Defining ELTSociety and Testing During COVID-19
- Assessment Literacy: There are a number of definitions of ‘assessment literacy’(or the more specific, ‘language assessment literacy’) available. One that is comprehensive (i.e. covering large-scale proficiency testing as well as classroom assessment) yet succinct, is the gloss used by the New Zealand Ministry of Education.
- Assessment: the broadest testing term and category, it covers everything, from a three-hour proficiency test, to classroom quizzes. It is defined as, “an ongoing process of collecting information about a given performance according to systematic and substantively grounded procedures” (Brown & Abeywickrama, 2019)*
- Testing: refers to specific instruments or procedures used to examine and make judgments about particular English skills or knowledge (including presentations, essays, etc., as well as more traditional tests, both inside or outside the classroom). It typically includes grades/scores reflecting performance. Another definition of test is “a method or procedure for measuring a person’s ability, knowledge or performance in a given domain” (Brown & Abeywickrama, 2019).
- Proficiency testing: large-scale tests of English skills like TOEFL, IELTS etc. that have no connections to particular programs or courses of study. Such assessments typically test multiple skills with the same instrument. A proficiency test is also defined as “a test that is not limited to any one course, curriculum, or single skill in the language, it tests overall global ability” (Brown & Abeywickrama, 2019).
- Achievement testing – aka, classroom assessment: including teacher-made tests, tests provided with course books, weekly quizzes, etc. These are (or should be) connected to course learning outcomes that are expected to be achieved. Achievement test is also defined as “an instrument used to determine whether course objectives have been met- and appropriate knowledge and skills acquired- by the end of a given period of instruction” (Brown & Abeywickrama, 2019)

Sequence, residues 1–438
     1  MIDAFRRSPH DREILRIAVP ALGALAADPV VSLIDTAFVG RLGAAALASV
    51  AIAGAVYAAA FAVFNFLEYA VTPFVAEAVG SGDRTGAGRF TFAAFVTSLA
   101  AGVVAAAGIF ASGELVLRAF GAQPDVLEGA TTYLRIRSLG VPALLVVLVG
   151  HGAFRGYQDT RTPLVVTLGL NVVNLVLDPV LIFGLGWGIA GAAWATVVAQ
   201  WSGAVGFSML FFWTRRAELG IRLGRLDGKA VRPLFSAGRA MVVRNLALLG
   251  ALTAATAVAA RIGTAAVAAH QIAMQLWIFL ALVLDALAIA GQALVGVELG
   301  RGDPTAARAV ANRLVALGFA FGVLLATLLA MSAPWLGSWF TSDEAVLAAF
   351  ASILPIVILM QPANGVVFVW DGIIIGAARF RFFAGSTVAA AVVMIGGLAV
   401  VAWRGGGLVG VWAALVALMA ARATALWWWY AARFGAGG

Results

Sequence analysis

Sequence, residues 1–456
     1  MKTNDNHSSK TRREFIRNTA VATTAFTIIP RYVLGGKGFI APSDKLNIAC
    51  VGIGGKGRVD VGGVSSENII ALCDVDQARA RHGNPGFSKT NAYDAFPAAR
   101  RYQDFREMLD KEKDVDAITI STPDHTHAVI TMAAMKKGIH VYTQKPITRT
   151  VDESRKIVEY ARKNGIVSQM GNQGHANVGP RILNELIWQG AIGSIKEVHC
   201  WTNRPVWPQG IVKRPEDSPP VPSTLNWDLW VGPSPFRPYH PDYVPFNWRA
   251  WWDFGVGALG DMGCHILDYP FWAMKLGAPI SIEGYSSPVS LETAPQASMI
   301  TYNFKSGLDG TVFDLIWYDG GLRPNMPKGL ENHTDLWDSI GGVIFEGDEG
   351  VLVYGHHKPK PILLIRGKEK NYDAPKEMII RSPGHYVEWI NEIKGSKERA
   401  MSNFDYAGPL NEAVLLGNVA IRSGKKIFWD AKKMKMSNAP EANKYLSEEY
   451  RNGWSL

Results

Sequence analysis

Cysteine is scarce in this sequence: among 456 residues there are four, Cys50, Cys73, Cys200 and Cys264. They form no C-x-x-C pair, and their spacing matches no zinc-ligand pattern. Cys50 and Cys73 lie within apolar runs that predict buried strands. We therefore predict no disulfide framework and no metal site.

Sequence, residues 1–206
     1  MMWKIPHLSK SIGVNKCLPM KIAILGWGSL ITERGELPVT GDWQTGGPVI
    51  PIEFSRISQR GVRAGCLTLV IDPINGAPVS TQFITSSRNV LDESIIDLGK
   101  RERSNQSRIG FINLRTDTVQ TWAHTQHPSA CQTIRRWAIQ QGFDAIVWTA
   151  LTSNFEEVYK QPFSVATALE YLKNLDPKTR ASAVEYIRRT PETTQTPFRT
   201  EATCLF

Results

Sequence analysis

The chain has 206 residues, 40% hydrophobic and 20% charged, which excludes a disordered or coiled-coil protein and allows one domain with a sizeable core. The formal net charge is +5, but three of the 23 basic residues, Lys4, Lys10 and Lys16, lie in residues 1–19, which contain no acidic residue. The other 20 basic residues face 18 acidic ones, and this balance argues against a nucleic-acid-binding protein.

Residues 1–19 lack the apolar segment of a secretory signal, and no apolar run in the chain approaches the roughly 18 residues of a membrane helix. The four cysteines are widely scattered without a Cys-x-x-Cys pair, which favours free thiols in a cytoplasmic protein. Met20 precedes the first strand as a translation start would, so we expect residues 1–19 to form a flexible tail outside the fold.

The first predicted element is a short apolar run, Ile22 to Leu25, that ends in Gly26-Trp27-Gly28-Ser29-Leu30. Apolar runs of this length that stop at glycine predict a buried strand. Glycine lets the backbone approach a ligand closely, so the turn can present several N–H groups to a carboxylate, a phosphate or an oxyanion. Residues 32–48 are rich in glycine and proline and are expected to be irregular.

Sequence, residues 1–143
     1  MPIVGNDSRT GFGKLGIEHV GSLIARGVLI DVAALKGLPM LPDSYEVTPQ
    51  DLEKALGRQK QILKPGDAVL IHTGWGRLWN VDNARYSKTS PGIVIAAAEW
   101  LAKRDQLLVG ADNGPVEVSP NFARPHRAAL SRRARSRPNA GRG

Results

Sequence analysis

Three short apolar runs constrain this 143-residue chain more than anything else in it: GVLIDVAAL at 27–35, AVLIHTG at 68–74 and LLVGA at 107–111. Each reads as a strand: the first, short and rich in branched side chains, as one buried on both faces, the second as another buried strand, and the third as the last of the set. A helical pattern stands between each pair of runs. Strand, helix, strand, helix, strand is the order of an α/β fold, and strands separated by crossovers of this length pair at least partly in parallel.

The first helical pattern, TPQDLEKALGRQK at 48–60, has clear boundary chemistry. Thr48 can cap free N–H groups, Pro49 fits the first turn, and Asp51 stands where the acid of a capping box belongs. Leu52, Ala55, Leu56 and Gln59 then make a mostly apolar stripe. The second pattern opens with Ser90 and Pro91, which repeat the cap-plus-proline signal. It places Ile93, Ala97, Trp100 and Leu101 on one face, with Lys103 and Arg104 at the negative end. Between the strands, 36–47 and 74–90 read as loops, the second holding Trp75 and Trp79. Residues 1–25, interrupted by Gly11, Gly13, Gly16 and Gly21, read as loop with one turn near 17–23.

*Source: Abeywickrama, P., & Brown, H. D. (2019). Language assessment: Principles and classroom practices, 3rd Edition. NY: Pearson Longman.
This section presents a collection of views and perspectives on English Language Testing in the age of the COVID 19 worldwide pandemic. Contributors were asked for a few paragraphs describing how things looked from their end of the telescope.
Tetsuya Yasukochi - High School English Teacher (Japan)
Yong-Hoon Lee - Chairman In-Times-In Co. Ltd, South Korea)
Moroni Flake - CEO, English 3 (USA)
Jim Brosam - President, iTEP International (USA)
I believe that the greatest challenges language assessment as a field faces are not in the cerebral fields of validity theory . . . , nor in sophisticated statistical or measurement models . . . . Rather, the challenges that we, as language testers, face are in the “real world” arenas where language tests are being used to make decisions about individuals and institutions. (Lyle Bachman, 2014, Ongoing Issues in Language Assessment)
Designing communicative, performance-based assessment rubrics continues to challenge assessment experts and classroom teachers alike. (Brown & Abeywickrama, 2019, Language Assessment: Principles & Classroom Practices)
There is a pressing need for a shift in attitudes towards assessment in language education: a shift that is only beginning to happen. Assessment is an indispensable ingredient in effective teaching and learning. Anthony Green, Exploring Language Assessment & Testing, 2015